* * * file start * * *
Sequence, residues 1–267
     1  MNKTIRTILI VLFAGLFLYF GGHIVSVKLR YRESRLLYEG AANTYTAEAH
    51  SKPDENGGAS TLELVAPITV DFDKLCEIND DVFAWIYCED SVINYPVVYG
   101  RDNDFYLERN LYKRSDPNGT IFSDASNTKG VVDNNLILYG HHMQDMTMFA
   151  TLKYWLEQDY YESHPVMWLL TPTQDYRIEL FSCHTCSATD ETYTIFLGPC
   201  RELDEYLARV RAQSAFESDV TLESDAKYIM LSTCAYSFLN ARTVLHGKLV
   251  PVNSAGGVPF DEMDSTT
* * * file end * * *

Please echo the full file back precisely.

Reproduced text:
Sequence, residues 1–267
     1  MNKTIRTILI VLFAGLFLYF GGHIVSVKLR YRESRLLYEG AANTYTAEAH
    51  SKPDENGGAS TLELVAPITV DFDKLCEIND DVFAWIYCED SVINYPVVYG
   101  RDNDFYLERN LYKRSDPNGT IFSDASNTKG VVDNNLILYG HHMQDMTMFA
   151  TLKYWLEQDY YESHPVMWLL TPTQDYRIEL FSCHTCSATD ETYTIFLGPC
   201  RELDEYLARV RAQSAFESDV TLESDAKYIM LSTCAYSFLN ARTVLHGKLV
   251  PVNSAGGVPF DEMDSTT